In the past year, token sales have time and again proven their merit as an effective method to secure funding and bootstrap a community surrounding an open source project. But like anything new and exciting (that involves large sums of money), token sales suffer from severe growing pains. Earlier today, the anticipated CoinDash token sale suffered an unfortunate hack that led to the theft of $7m (about half of the proceedings raised).
While token sales are an amazing new tool to democratize funding, they also put a tremendous amount of pressure on the organizations initiating them to properly manage the process. After all, raising tens of millions of dollars publicly paints a fairly big ‘bullseye’ on your back.How did the hack happen?
Following The DAO Hack and the ensuing hard fork, resulting from a bug in The DAO’s smart contract, smart contract security and auditing began attracting lots of (well-deserved) attention. As a result, token sale related smart contracts became somewhat standardized and harder to attack.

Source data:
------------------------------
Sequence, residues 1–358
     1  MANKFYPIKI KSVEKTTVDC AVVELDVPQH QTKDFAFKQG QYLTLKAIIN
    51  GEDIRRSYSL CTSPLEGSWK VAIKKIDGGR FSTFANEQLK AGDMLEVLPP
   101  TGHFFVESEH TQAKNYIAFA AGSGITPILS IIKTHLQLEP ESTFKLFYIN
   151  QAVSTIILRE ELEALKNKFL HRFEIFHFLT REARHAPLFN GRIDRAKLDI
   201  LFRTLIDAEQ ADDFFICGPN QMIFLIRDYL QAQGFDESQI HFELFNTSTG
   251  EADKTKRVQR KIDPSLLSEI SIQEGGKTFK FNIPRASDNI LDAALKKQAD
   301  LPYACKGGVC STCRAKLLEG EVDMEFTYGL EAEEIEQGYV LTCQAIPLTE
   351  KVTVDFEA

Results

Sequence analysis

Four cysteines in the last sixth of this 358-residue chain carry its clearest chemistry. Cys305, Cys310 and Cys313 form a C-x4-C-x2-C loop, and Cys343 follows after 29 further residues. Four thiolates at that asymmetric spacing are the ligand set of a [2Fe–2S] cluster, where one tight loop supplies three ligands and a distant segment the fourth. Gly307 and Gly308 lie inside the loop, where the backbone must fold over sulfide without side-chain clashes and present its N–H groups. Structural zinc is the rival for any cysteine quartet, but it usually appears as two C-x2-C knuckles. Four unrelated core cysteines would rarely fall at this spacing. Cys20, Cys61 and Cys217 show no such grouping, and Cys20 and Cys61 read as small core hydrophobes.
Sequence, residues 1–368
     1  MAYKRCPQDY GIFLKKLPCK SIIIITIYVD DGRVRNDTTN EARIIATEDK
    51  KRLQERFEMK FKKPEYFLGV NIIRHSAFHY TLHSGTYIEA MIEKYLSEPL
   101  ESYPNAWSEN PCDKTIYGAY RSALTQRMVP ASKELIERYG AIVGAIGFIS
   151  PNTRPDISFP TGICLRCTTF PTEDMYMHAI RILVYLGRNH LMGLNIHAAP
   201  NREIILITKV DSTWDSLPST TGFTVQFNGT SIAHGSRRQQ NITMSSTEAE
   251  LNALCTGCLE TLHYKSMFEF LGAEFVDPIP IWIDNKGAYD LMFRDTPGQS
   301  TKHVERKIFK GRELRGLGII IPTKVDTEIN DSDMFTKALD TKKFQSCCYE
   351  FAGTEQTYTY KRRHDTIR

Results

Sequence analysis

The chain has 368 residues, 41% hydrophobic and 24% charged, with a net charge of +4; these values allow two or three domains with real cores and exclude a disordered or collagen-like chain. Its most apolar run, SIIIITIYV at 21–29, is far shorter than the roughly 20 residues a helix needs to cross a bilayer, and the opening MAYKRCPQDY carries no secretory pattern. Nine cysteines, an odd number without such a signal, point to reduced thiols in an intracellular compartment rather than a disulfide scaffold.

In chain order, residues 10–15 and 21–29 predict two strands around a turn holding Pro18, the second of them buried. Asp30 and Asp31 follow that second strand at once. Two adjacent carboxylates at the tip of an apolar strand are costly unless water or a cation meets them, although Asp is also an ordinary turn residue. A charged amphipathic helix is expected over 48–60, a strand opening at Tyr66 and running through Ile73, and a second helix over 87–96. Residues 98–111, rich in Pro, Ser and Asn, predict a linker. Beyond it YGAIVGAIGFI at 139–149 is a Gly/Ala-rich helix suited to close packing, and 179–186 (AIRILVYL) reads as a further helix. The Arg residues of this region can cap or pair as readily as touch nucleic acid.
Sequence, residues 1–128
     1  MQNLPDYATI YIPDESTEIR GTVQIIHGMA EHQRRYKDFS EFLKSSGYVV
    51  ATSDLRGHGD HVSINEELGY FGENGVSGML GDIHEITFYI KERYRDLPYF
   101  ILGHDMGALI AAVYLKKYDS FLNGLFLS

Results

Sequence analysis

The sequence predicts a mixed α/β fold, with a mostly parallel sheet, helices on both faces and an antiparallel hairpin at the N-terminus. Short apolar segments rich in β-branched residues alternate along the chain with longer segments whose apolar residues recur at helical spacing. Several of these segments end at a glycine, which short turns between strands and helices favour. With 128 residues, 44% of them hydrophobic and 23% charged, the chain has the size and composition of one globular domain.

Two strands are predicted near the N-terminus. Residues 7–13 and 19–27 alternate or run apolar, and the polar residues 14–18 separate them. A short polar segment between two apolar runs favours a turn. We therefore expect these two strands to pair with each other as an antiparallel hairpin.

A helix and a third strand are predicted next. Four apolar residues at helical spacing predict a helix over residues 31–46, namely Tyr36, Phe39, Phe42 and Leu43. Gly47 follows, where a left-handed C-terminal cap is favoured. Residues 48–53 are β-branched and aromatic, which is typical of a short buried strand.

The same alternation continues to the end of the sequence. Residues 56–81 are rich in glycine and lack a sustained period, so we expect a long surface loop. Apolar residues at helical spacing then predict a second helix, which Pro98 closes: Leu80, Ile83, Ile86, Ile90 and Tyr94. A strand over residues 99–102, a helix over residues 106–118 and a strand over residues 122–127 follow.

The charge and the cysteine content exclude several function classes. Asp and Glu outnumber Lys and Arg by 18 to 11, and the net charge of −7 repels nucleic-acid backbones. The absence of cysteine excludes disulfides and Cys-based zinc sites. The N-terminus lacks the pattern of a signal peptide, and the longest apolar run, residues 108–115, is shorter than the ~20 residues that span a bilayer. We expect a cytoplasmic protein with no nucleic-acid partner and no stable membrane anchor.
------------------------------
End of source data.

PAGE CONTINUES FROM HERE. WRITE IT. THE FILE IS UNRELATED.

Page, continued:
In security, it is often the weakest link in the process that is attacked, and with the maturation of token sale contracts, attackers turn to disrupting other parts of the sale process. With CoinDash, the hack was quite simple — the attacker was able to gain control of the the company’s website and replace the official sale address with his (or her) own. By the time CoinDash reacted, the damage was done; $7m worth of Ether were sent to the fraudulent address.
At this point we want to emphasize that we have nothing but respect to the CoinDash team. The way they promptly handled the hack, offering to provide tokens to all those affected is truly commendable. Further, the CoinDash team is a strong, reputable team that will surely bounce back from this unfortunate incident.Best practices on securing your token sale
With the upcoming Enigma Token Sal...